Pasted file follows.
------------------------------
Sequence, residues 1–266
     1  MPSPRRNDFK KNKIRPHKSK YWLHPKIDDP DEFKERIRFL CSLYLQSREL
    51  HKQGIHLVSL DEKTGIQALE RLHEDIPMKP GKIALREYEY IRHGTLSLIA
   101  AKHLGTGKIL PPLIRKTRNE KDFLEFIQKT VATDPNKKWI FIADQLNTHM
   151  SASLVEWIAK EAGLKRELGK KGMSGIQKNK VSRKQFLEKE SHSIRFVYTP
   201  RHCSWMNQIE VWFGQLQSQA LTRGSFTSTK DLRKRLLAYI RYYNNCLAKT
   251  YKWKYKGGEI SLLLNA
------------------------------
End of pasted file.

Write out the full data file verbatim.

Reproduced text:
Sequence, residues 1–266
     1  MPSPRRNDFK KNKIRPHKSK YWLHPKIDDP DEFKERIRFL CSLYLQSREL
    51  HKQGIHLVSL DEKTGIQALE RLHEDIPMKP GKIALREYEY IRHGTLSLIA
   101  AKHLGTGKIL PPLIRKTRNE KDFLEFIQKT VATDPNKKWI FIADQLNTHM
   151  SASLVEWIAK EAGLKRELGK KGMSGIQKNK VSRKQFLEKE SHSIRFVYTP
   201  RHCSWMNQIE VWFGQLQSQA LTRGSFTSTK DLRKRLLAYI RYYNNCLAKT
   251  YKWKYKGGEI SLLLNA